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Neuroscience Center

Aneurysm Risk Factors

What are the Causes of an Aneurysm?

The arteries that connect at the base of the brain sometimes develop weak spots in the artery walls. The weak spots can enlarge and fill with blood (pouches that become aneurysms) due to increased pressure in the veins' blood flow. The weak spots can be caused by:

  • Birth defects in the artery wall
  • High blood pressure
  • Arteriosclerosis (substances such as cholesterol or blood platelets collect on the artery wall)

What People are at Risk for Aneurysms?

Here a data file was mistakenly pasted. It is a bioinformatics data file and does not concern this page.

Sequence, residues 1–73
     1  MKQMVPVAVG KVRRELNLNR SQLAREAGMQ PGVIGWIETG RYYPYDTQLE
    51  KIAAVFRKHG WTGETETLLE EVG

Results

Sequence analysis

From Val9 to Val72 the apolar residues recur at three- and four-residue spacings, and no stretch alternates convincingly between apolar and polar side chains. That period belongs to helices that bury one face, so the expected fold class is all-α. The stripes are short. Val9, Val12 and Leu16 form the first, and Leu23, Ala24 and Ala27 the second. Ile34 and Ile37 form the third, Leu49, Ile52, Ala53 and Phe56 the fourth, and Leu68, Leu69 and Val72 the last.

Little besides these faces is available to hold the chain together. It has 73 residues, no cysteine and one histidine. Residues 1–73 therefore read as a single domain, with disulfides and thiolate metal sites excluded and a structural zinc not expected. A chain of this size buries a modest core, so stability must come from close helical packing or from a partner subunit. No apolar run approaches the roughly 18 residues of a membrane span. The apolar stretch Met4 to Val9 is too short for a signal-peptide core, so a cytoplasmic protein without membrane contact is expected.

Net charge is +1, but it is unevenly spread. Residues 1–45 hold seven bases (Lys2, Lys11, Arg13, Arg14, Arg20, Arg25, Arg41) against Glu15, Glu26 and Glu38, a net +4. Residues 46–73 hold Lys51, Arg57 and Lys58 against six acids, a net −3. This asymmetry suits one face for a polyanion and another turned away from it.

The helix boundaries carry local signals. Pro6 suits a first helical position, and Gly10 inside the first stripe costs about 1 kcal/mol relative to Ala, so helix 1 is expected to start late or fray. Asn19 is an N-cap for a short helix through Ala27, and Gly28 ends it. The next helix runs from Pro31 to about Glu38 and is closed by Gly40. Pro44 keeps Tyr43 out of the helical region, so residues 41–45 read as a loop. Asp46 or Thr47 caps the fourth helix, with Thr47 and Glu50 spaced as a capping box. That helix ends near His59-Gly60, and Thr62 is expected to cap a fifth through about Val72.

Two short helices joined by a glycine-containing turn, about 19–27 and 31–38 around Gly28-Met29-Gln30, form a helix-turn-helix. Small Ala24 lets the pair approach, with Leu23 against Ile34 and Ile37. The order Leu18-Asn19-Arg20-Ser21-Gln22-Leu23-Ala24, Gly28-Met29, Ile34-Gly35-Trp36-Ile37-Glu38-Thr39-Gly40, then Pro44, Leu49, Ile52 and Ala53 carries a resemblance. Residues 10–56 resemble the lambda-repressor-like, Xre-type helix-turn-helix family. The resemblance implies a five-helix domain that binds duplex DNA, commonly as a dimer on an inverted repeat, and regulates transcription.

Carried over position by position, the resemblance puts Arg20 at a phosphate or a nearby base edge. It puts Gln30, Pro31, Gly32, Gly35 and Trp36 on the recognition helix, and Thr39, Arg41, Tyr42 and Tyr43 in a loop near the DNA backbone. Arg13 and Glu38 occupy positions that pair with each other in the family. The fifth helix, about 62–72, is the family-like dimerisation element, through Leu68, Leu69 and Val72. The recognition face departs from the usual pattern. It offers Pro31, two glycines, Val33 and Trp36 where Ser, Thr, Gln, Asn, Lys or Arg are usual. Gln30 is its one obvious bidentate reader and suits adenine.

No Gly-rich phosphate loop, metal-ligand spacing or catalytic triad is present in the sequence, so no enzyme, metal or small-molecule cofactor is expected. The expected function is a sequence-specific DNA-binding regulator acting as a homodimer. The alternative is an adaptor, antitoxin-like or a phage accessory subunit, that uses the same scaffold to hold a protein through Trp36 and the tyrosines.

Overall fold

Many factors can increase your risk for developing an aneurysm. They include:

What Increases the Risk of an Aneurysm Rupture?

A physician specializing in brain aneurysms can assess your risk for a rupture. Common risk factors of aneurysm rupture include:

  • Large aneurysm size
  • Irregular aneurysm appearance
  • History of aneurysm rupture
  • Active tobacco smoking
  • Uncontrolled blood pressure
  • Use of stimulant drugs
  • Heavy alcohol use
  • Family history of brain aneurysms

Treating Hemorrhagic Stroke

A hemorrhagic stroke, or what is also called a ruptured brain aneurysm, can strike without warning.  Neurosurgeon Greg Zipfel, MD, and neuroradiologist Christopher Moran, MD, talk about treatment in this episode of "Real Science, Real Innovation."

 

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